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I was born and raised in Edgewood, KY, a small town in the very northern tip of the state, right across the river from Cincinnati, OH.  Both my parents were teachers.  My father was a professor of Business at a small private college.  Long before most women worked full-time outside the home, my mother was an elementary school teacher for 30 years in the public school system in the adjoining town.  In 1972 she “broke the glass ceiling” to become the first female Administrator in the District Office in the next County. Prior to her the only women in the District office were secretaries.  What a role model I had!

In those days there was no such thing as Honors or AP classes.  All 6th graders were in the same classes.  I was a bright child so my parents worried that I would get bored in school.  Thus they made the decision to send me to first grade when I was 4 years old.  Always two years younger than my classmates, I graduated from high school when I was 16 and from college when I was 20. 

I went to Catholic grade schools and high school, primarily because the private schools offered a slightly better academic foundation. In retrospect, however, it became clear that my formative education, even in private school, was certainly sub-par.  I’m not sure I read a grand total of 5 “classic” books in my entire high school education.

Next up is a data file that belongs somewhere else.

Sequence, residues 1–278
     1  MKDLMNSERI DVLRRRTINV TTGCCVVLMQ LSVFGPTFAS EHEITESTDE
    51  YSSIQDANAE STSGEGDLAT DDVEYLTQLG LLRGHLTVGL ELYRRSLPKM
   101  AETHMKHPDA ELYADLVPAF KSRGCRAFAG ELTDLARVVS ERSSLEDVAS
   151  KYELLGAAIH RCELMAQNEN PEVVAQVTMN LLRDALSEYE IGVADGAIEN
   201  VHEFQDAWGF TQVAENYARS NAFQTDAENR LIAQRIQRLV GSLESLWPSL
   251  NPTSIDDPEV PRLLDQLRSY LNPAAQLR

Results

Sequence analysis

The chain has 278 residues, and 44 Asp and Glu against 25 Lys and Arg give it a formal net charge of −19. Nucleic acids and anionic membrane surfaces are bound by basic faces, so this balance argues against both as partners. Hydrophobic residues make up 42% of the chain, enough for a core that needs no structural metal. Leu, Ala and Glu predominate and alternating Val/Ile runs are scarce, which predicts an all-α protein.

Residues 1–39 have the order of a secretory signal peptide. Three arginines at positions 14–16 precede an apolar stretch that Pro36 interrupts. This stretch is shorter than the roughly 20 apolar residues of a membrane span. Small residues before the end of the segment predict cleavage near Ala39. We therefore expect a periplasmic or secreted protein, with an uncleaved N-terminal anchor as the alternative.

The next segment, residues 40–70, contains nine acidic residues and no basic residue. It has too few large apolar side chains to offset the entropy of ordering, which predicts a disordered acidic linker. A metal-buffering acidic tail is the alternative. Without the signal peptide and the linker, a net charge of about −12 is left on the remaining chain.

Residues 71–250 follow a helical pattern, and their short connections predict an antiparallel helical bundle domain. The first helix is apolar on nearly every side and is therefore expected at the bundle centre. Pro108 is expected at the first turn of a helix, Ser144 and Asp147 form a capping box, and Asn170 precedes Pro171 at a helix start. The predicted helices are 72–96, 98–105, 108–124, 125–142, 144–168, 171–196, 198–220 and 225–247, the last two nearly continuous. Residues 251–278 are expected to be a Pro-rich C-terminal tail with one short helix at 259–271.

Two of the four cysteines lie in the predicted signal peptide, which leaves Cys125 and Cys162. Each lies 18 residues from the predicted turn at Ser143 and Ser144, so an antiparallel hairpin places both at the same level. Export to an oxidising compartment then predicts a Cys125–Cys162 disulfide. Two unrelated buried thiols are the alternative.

But what I DID have going for me were 3 things: 1) above-average intelligence, 2) a family that valued education and instilled in me the personal motivation to excel in school, and 3) strong study skills.   When I got to top-drawer undergraduate and graduate schools these traits enabled me to successfully compete with classmates who had much stronger academic foundations than I did.

I attended Indiana University in Bloomington, IN and majored in Business Administration.  I graduated “With Distinction” (Top 1%).   I was one of the first female members of IU’s chapter of Delta Sigma Pi, a business school fraternity, and eventually became Vice President of the chapter.  I was a member of Beta Gamma Sigma, the highest scholastic honor conferred upon students by the Indiana University School of Business.

Hired by the Harris Bank, I moved to Chicago after graduation. Because I had no other economic option, I worked full-time and went to night school for 3 ½ years to get my MBA.  I attended the University of Chicago and double-majored in Finance and Marketing.  The University of Chicago is one of the premier graduate schools in the country, known for its strong quantitative emphasis.  This is where I learned to always “look at the data”, a principle I still subscribe to today!

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